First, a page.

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September 22, 1957 - Image 1

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Michigan Daily, 1957-09-22

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I

OLLEGE TRAINING
R LABOR LEADERS

Y

Sixty-Seven Years of Editorial Freedom

i~Iaii4

AU
PARTLY CLOUDY, COOLER

See pace4

No. 5

ANN ARBOR, MICHIGAN, SUNDAY, SEPTEMBER 22, 1957

FOURTEEN F

rkansas School
waits Negroes
esidents Now Hold Key to Peaceful
elution; Students' Act Uncertain
'LE ROCK, Ark. (M-With National Guard troops no longer
ing Central High School and all legal barriers cleared away,
ens of Little Rock held the key yesterday to whether the
ould be integrated peacefully.
nine Negro pupils who were turned away by troops when they
enter the 2,000-pupil white school Sept. 4 have not decided
again tomorrow. Friday most said in an interview that they
ow up after the troops left.
)n't know and I don't think the others have decided," said
le pupils.
i NAACP, No News
L. C. Bates, head of the Arkansas branch of the National
the Advancement of Colored People, said she had no infor-
Little Rock School Board met to discuss the racial situation,
. Virgil Blossom said afterward that all adults would be
aasked to keep out of the building

e Won't.
or Saiys
E ROCK, Ark. WP)--Mayor
Wilson Mann said last
t city police would, deal
th any troublemakers at
High School tomorrow
-and would not prevent
in-but he declined to
ific details of his plans.
ssuing a statement at a'
ference. here, Mann was
tly whether the police
on hand to prevent inte-
f Negro students try to
school building.
olicy is one that will per-
aliance with the law in-
bstructing it," the mayor
No Aid, Either
if police would help a
udent enter the 2,000-
ite school, Mann said:
>t running an escort serv-

tomorrow morning.
Progress reports will be handed
to newsmen later that morning if
the Negroes enter, Blossom said.
Faubus Leaves
Gov. Orval Faubus, who pulled;
out National Guard troops sur-
rouiding the school after an in-'
junction against him was issued
in United . States District Court'
Friday, left yesterday afternoon
for the Southern Governors' Con-
ference at Sea Island, Ga.
' Faubus, whose 'mobilization of
the National Guard touched off
the crisis nearly three weeks ago,
said his attorneys walked out of
the federal court hearing Friday
to "prevent the governor from
waiving his constitutional and
sovereign powers."
The governor said he would have
"enjoyed" attending the court ses-
sion, but that he had been advised
against it.
To Appeal Injunction
Kay Matthews, one of Faubus'
attorneys, said-the injuction ruling
would be appealed on grounds the
federal court lacked jurisdiction.'
Attorneys in Little Rock ex-
pressed the--belief that Faubus'
four attorneys may be liable, tech-
nically, for a citation of contempt
of court by United -States Dist.
Judge Ronald Davies for having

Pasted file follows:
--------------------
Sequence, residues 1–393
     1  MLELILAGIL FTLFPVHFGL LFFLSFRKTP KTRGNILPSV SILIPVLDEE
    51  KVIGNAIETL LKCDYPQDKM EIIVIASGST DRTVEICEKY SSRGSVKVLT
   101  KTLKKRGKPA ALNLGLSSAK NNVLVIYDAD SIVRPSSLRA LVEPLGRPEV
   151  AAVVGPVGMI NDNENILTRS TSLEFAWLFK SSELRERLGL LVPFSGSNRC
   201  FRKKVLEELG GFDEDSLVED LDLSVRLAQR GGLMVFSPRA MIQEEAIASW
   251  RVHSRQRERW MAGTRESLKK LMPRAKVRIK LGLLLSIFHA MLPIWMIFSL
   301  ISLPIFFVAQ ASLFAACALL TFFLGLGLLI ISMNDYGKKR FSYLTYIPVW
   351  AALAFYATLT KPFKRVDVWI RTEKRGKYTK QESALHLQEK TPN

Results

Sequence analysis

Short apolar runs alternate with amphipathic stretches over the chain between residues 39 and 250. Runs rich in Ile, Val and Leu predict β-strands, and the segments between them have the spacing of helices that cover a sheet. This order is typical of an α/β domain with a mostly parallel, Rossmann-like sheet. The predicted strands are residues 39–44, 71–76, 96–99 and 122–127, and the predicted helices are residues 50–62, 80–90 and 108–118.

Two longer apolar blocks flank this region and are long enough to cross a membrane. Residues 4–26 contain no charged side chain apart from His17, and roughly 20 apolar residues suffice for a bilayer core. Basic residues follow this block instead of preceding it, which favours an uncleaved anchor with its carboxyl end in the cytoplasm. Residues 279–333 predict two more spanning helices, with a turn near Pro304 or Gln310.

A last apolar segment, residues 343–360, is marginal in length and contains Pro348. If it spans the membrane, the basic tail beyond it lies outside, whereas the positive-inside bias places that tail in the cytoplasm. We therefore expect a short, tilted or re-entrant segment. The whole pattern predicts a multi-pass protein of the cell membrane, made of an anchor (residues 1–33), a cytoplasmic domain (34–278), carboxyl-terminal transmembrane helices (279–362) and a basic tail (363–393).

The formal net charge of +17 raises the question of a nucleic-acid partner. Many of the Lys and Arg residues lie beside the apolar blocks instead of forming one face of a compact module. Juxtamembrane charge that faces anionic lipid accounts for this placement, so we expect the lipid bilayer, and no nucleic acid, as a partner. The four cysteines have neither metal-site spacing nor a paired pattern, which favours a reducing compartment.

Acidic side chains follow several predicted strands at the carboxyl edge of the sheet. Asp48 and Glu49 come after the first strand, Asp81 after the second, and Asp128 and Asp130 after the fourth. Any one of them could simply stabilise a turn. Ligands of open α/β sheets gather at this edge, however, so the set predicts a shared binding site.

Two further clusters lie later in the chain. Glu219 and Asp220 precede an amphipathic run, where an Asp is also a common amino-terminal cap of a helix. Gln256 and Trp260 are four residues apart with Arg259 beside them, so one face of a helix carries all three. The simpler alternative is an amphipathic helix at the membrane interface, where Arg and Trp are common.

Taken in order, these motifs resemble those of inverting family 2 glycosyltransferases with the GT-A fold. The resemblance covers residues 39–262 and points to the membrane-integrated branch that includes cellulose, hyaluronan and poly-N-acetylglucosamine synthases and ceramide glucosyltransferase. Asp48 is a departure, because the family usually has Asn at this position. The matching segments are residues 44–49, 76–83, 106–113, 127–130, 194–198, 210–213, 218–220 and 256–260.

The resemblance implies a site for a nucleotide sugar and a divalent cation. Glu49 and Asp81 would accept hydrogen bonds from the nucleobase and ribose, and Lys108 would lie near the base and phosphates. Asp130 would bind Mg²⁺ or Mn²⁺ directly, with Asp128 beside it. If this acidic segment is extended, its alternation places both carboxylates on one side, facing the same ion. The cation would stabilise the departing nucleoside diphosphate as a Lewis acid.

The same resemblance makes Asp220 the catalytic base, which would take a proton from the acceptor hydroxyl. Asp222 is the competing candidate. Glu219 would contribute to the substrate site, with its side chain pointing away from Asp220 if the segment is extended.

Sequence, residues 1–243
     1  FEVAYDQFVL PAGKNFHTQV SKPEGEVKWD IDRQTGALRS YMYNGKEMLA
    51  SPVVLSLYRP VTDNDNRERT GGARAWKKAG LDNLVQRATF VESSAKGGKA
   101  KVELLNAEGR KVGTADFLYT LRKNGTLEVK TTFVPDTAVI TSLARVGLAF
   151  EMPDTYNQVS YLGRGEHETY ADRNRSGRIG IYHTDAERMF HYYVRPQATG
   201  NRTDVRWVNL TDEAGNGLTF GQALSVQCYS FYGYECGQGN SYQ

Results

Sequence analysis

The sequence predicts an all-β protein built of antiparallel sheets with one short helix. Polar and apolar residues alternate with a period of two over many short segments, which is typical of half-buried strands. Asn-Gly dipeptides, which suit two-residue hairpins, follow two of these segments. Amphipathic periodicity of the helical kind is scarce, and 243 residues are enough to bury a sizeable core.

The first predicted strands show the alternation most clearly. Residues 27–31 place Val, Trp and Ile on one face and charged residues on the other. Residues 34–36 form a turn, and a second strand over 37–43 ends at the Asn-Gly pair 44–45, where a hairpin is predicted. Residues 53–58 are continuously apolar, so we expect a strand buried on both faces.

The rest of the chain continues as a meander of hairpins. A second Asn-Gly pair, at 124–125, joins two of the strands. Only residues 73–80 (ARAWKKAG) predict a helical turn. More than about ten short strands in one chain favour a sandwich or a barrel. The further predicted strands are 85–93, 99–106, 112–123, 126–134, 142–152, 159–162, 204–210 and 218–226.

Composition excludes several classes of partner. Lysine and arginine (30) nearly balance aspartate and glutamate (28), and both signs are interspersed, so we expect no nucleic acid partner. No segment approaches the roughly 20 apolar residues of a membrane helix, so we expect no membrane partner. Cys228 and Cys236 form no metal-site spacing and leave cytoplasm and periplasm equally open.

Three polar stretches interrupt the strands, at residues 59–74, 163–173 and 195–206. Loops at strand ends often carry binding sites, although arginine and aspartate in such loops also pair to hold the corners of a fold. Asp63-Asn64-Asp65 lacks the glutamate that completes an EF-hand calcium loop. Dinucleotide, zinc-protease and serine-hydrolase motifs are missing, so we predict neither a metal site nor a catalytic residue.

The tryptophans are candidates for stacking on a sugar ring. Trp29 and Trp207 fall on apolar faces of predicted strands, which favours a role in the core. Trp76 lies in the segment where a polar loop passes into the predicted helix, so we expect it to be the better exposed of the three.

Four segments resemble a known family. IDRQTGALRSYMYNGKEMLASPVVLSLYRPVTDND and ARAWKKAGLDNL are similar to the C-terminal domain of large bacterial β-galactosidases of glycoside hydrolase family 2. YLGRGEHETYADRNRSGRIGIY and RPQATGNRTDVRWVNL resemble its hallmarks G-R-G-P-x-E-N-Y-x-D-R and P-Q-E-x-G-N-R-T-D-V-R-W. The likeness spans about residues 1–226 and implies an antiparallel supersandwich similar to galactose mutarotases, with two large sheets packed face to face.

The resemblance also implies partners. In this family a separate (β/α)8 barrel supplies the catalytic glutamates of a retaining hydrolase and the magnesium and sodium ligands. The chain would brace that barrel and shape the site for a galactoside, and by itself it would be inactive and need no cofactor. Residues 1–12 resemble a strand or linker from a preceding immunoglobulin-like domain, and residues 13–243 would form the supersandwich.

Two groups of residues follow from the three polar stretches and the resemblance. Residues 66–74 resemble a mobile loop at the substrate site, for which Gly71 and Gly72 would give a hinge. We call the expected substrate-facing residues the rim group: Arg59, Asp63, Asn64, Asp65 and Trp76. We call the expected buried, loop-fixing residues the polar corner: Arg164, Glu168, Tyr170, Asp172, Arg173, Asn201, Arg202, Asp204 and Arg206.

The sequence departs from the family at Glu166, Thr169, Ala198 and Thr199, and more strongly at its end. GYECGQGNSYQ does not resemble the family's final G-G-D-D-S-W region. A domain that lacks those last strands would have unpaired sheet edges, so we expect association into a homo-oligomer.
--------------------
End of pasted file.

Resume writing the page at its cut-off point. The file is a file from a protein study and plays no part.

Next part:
left the hearing.
"I don't think Davies will cite
them,"., lawyer 'said, "but in all
probability, he could.">
After blasting the decision by
Judge Davies, the governor said
in a televised address Friday,
night:
"Now is the time for the utmost
precaution, forebearance and tol-
prance on the part of all citizens,
both Negro and white,- else the.
disorder and violence, which has
so far been prevented, will oc-
cur."

U.S. Policy
in Syr~iaHi
DAMASCUS (M-'-President Shu-
kri Kuwatly Yesterday accused
United States Secretary of State
John Foster Dulles of distorting
Syria's position in the Middle East
political conflict and of attempting
to impose American will on the
Arab world.
But the tone of the 64-year-old
Kuwatly, known as a political
moderate, seemed mild in compari-
son with the angry outburst
aroused immediately after Dulles'
United Nations address Thursday.
Kuwatly insisted Syria is build-
ing armed forces sufficient only
for her legitimate self-defense,
and denied by implication this
country is on the road to domina-
tion by conimunism. ,
As he spoke, two Soviet warships
steamed into the Syrian port of
Latakia on a courtesy visit. Syrian
naval units gave the cruiser;
Zhdanov and the destroyer Svo-
bodny a 21-gun salute. They were
the first v'essels of the Red fleet
ever to visit Syria.
IEiiwatly accused the West of
attempting to deny Syria and
Arabs the right to arms for self
defense "against the treacherous
Israeli enemy" while concentra-
ting on giving that enemy all
means to carry out an aggressive
intention.
To Hear
Syrian Talk
UNITED NATIONS, N.Y. () -
Syrian Foreign Minister Salah
Bitar reached New York yesterday
to address the United Nations Gen-
eral Assembly.
He denied Secretary of State
John Foster Dullers' notion that
Soviet arms In_ Syria threaten
Turkey.
Soviet Foreign Minister Andrei
Gromyko meanwhile, in a memo-
randum published by the UN,
charged the Western powers with
attempts to "impose their will on
the people of several countries in
Africa and the Near East by mili-
tao~ means.";
He did so in asking formally
that the Assembly put on its
agenda an item on peaceful co-
existence and urge governments
to follow that principle.
In a general policy speech
Thursday, Dulles told *he, 82-na
tion UN Assembly, Turkey "faces
growing military ,danger from the